Now, the two teen readers are voraciously reading the other girl’s interest – my daughter’s quickly reaching the end of the Hunger Games series, while her friend is borrowing book after book of the Potter series. It makes me smile and curious to see what their next obsession might be.
My son is nowhere near chapter book age, but that doesn’t matter to me–I reread a lot of my favorite classics even without him. Especially in times of stress, they’re great to unwind with. Some of my favorites: Anne of Green Gables, Little Women, Secret Garden, The Tales of Magic series by Edgar Eager (Half Magic, Magic by the Lake, etc.), and of course Mrs. Piggle Wiggle & pretty much all Roald Dahl. To name a few.
God I love books.
Another vote for “From the Mixed up Files of Mrs. Basil E. Frankweiler.” I mean, come on…kids running away to go live in the Metropolitan Museum of Art? It doesn’t get any better! I was also a huge fan of The Boxcar Children and Nancy Drew growing up. We’re expecting our first child in February and I cannot wait until they’re old enough to start reading chapter books to them!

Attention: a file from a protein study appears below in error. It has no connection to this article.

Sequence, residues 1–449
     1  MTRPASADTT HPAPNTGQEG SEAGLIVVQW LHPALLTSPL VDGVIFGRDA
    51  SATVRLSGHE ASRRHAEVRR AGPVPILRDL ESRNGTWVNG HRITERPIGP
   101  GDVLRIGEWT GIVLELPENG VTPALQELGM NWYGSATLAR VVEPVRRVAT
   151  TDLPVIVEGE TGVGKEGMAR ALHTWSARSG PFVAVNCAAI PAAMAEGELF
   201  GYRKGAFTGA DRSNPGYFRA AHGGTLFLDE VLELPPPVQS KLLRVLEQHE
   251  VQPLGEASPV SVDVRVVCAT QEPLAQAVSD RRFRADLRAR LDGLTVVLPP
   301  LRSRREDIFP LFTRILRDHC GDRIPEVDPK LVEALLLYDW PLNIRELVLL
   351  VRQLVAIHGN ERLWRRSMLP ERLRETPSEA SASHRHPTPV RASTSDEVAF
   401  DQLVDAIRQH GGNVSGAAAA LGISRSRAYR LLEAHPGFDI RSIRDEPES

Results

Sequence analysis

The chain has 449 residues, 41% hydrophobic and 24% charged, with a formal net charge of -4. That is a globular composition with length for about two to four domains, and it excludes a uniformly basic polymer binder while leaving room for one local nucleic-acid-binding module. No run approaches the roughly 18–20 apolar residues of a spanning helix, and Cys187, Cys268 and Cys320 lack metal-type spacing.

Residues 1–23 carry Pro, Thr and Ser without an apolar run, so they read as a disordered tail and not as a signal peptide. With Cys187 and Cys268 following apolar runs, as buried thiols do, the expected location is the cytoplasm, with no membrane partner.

I loved the Little House on the Prairie series, and A Wrinkle in Time. My mom had a huge collection of Nancy Drew books from the 50s, and I cried bitterly when my grandfather gave them away (even though I’d read them all at least twice).
Of the newer children’s books, I’ve found the Junie B. Jones series to be the most readable for adults–those are the ones *I* ask to read the kids at bedtime, because they’re hilarious!
I haven’t time to read the comments, so forgive any duplication, but I love talking kids’ books!
When I was reading Charlie and the Chocolate Factory to my incessantly-noisy 6yo son and looked over to see his eyes wide and mouth agape, I knew we were onto something. (Not big fans of the second one, though.)
We’ve also loved Charlotte’s Web, Stuart Little, The Boxcar Children, the Magic Tree House series, Winnie the Pooh and a newer series about a girl called Daisy Dawson.